Ready for a recession: A full freezer
TOWNER, N.D. - One thing about being a cattle rancher, you always have a little beef in the freezer. Sometimes you have a lot. Of course, it's not always the very best beef produced on the ranch. A good, young, well-fed steer is worth a lot of mo...
TOWNER, N.D. - One thing about being a cattle rancher,
you always have a little beef in the freezer. Sometimes you have a lot.
Of course, it's not always the very best beef produced on the ranch. A good, young, well-fed steer is worth a lot of money, and the one thing a ranch needs even worse than a full freezer is some cash for the banker.
Generally, we eat our mistakes, like an open heifer, a bum calf or a critter whose hair or hide color wasn't quite what the buyers were looking for. We make lots of mistakes on our place, so we always have plenty of meat.
Sometimes, we find an old cull cow or a bull with a limp to harvest at the local locker plant. But they're good hamburger, and it's fresh as can be.
The way things worked out this year, we doubled down on the ranch's beef inventory. We had a gimpy bull produce a boatload of burger, and we had a steer that was as close to normal as anything we've ever kept to feed the family.
A bacterial infection as a calf left this steer's ears hanging as limp as a beagle's. The steer got over the infection and was plumb healthy, but his ears never did perk up nice and straight again. I knew he'd be a prime candidate for some cattle buyer to give a drastic discount so he could cheapen up a load of higher-priced, erect-eared cattle.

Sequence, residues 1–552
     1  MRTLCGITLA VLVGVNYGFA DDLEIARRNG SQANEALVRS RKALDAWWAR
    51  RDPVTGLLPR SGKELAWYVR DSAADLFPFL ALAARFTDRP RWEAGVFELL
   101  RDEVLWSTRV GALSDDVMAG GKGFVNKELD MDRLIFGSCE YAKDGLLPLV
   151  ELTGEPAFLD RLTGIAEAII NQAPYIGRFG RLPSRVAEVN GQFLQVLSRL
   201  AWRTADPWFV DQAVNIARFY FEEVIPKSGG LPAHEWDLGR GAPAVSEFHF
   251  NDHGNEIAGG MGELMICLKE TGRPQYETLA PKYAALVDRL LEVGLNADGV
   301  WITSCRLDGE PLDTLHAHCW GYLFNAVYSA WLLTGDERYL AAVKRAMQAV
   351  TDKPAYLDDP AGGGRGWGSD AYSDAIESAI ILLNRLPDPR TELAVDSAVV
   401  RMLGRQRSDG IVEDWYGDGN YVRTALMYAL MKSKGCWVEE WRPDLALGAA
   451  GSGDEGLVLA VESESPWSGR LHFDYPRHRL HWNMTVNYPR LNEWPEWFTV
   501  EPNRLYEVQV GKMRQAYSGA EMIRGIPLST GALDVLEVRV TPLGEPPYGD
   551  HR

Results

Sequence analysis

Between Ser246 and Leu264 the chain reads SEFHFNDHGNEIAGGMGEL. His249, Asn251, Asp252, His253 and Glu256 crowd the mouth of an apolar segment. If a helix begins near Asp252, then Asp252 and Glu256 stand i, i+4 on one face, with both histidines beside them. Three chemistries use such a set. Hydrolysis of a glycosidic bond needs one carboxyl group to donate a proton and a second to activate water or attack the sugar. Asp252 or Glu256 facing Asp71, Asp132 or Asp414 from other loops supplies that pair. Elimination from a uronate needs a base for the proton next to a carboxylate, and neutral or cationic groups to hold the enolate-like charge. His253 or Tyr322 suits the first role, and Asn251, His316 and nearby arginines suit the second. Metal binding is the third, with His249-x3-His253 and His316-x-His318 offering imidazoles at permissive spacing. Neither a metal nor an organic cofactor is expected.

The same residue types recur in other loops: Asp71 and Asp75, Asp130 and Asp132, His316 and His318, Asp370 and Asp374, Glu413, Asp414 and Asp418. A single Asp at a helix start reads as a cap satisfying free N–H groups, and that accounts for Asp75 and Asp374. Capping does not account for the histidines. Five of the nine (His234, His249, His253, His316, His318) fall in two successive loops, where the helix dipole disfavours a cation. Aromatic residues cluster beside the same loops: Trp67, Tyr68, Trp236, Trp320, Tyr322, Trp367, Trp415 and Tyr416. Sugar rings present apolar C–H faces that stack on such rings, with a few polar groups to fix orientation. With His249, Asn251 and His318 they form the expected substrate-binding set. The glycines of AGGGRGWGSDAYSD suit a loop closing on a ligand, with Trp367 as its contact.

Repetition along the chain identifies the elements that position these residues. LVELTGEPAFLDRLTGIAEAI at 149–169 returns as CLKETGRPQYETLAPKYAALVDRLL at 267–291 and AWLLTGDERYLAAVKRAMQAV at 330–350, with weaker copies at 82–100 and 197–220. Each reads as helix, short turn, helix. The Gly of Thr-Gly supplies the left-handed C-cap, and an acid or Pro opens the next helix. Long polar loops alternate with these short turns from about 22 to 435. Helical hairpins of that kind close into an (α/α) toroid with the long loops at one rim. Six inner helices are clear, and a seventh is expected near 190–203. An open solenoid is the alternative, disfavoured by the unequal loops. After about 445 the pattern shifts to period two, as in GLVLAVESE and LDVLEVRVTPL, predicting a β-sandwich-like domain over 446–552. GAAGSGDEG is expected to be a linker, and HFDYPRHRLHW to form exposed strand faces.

So we kept him, grazed him and fed him, and now we give thanks and dine on him. He turned out pretty good. If it weren't for his limp ears, we'd probably be chewing on some stringy old cull cow, so I'm thankful for his beaglelike look.
We're a two-freezer and four-refrigerator ranch between us and my parents. City folks would have a hard time understanding our abundance of cold storage. But out here, the grocery store is more than a few blocks away.
Depending on what you're looking for, the drive is 16 miles to 60 miles for most of our provisions.
We have plenty of cows, but not a single milk cow. Some of our cows barely can support a calf, much less a family of four with two growing boys. So we usually walk out of the grocery store with six or eight cartons of milk to get us by until the next trip to town.
We're Norwegian, so we buy butter by the case when it's on sale and toss it in the freezer. We freeze a few gallons of ranch-picked juneberries to remind us of summer, along with a few vegetables from the garden, but no zucchini.
The two big chest freezers usually can get us through the year with a little room for popsicles in the summer.
However, harvesting the two cattle within a month's time pushed our freezer space to the limit. So we did what most farmers and ranchers do with their overproduction: We started giving it away.
We can close the lids on the freezers again, but if we produce many more mistakes, we may need a third freezer.
From what I hear, we're all supposed to go buy something we don't need to keep the economy out of recession. Maybe the purchase of a third freezer will be our contribution to the economy, or at least to the local appliance store.
If the economy really does hit the skids, it may not be a bad idea to have a surplus of life's necessities. We could hunker down and make it through a short recession nicely eating fine steaks and roasts or, if it's an extended downturn, a whole lot of hamburger.